Progressive organizations, like Xerox, know that an unfaltering focus on continuous improvement is the key to achieving and sustaining success. Xerox is a global leader in technology innovation, with $1 billion spent annually on research and development. You’ll find R&D touched on often throughout the chapters of this report, in many different contexts. Consequently, a key element of Xerox improvement initiatives is innovation. Anne M. Mulcahy, chairperson and CEO of Xerox, has written that research and development is a continuing priority. Research at Xerox has spanned so many bases, from mechanical engineering to social science and psychology. In 2002 Xerox reported the largest new offering year in history and a ranking of ninth in U.S. patents awarded among American-based corporations.
Xerox reported in 2003 that its “research into concepts, tools, practices, and technologies of knowledge sharing has taken place over decades, but it intensified over the last several years as we recognized knowledge management as a mainstream business discipline. Since the 1970s, for example, researchers at [Palo Alto Research Center] have studied the way people work, how people use technology, and how we collaborate with each other while using technology.” (“Knowledge Sharing,” Xerox.com)
Indeed, these themes of research and development, knowledge management, new product development, and response to customer needs is evidenced throughout the sections of this profile. Herve Gallaire, chief technology officer at Xerox, recently wrote that a key challenge for R&D organizations is how to connect activities to the market in order to develop products and services that customers need, while also fostering innovation (“Managing and Leveraging Innovation,” Xerox.com). In response, the company is pushing forward with three
1. Reinvent its machines—create higher quality, faster, and more cost effective products and services.
2. Rethink how it works—examine how technology is altering the creative process.
3. Redefine the document—make the transfer of information from one media to another transparent.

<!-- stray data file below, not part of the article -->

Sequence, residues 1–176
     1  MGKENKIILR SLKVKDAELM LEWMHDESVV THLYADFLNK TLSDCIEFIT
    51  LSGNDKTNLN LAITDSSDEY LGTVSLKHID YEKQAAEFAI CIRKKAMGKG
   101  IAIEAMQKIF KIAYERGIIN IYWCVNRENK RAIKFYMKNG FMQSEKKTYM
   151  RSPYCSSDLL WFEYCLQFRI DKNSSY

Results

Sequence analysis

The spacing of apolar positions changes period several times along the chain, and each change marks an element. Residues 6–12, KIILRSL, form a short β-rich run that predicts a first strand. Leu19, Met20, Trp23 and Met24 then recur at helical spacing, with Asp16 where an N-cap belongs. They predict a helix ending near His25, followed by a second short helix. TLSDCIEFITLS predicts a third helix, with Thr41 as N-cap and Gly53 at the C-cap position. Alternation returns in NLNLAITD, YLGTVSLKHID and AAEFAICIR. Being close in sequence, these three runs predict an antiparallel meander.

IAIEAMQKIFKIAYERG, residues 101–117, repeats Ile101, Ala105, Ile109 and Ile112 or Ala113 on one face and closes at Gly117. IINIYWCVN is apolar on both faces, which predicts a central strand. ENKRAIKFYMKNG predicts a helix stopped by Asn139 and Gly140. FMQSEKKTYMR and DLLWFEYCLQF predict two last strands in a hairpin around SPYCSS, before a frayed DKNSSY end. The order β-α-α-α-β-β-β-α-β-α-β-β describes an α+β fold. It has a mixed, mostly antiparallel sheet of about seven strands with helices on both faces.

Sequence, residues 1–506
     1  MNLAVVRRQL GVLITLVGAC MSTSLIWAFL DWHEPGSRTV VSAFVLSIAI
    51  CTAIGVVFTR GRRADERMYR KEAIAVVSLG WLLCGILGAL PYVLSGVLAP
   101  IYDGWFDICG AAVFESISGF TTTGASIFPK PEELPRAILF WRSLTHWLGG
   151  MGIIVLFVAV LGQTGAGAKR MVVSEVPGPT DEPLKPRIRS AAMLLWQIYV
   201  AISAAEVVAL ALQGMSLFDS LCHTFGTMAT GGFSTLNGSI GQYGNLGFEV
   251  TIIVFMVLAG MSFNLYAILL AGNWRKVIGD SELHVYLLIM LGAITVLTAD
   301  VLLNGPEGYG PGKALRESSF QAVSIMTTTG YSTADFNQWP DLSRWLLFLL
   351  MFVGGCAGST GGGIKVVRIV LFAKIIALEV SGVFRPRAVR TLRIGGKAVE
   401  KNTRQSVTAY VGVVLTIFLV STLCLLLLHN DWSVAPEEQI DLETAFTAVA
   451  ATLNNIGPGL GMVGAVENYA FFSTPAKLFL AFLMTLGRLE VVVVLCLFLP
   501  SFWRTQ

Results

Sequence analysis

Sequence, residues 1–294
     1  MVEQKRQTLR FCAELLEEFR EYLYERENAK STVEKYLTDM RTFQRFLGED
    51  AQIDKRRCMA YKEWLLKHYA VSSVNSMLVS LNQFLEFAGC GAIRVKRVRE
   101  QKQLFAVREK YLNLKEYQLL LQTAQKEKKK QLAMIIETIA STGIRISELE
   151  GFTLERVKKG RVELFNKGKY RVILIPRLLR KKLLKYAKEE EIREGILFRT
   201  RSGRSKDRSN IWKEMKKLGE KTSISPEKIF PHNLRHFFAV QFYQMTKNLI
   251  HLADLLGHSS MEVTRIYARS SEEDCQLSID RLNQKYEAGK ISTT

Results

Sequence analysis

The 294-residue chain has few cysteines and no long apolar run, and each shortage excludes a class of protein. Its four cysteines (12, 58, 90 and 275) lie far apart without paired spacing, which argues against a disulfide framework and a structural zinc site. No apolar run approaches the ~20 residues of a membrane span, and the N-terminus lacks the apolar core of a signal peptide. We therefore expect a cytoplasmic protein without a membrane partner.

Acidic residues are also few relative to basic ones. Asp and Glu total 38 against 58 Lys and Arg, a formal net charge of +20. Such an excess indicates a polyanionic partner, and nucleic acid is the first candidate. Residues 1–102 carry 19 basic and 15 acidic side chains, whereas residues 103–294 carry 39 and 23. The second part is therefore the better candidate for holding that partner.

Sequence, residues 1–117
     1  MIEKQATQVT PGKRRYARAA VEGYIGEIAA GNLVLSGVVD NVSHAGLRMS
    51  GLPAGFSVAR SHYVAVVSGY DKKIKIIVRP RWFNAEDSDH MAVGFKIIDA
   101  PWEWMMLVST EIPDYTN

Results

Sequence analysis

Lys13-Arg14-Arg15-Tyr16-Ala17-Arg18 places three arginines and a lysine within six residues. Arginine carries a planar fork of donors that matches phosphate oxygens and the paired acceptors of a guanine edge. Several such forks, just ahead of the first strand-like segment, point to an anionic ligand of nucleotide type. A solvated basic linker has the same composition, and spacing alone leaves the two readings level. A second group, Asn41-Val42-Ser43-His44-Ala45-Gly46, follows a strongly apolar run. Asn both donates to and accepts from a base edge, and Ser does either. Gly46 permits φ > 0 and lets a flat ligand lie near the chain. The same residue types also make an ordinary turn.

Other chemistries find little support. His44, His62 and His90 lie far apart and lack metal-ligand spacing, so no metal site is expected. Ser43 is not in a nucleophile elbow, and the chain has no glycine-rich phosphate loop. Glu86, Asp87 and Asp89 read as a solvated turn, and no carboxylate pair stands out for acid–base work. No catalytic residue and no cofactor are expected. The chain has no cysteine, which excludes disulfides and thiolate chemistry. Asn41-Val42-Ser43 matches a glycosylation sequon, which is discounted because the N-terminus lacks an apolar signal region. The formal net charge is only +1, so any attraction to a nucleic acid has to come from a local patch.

Gallaire stated, “The generation of new business is at once the most attractive and most challenging aspect of any research program. Opportunities can arise because of technical advances or through emerging market requirements, but very often it takes a combination of the two. As with so much in life, timing is everything.” Xerox has regularly used timing to its competitive advantage through numerous perf o rmance-based and process-based improvement efforts. Since 1995, APQC has had the opportunity to examine critical aspects of “the Document Company’s” improvement initiatives. These research eff o rts began with the benchmarking report Internal Communications.
Since then, Xerox has also been a best-practice partner in the following studies:
- Measuring Call Center Performance (1996),
- Strategic Planning (1996),
- Competitive and Business Intelligence: Leveraging Information for Action (1997),
- Baldrige-based Self-assessments (1999),
- First-contact Resolution (2000),
- Successfully Implementing Knowledge Management (2000),
- B-to-B Branding: Building the Brand Powerhouse (2000),
- The Customer-centric Contact Center: A New Model (2001),
- New Product Development: Gaining and Using Market Insight (2001),
- Building and Sustaining Communities of Practice (2001), and
- Retaining Valuable Knowledge: Proactive Strategies to Deal with a Shifting Work Force (2002).
Articles include: “Xerox Creates a Knowledge-sharing Culture Through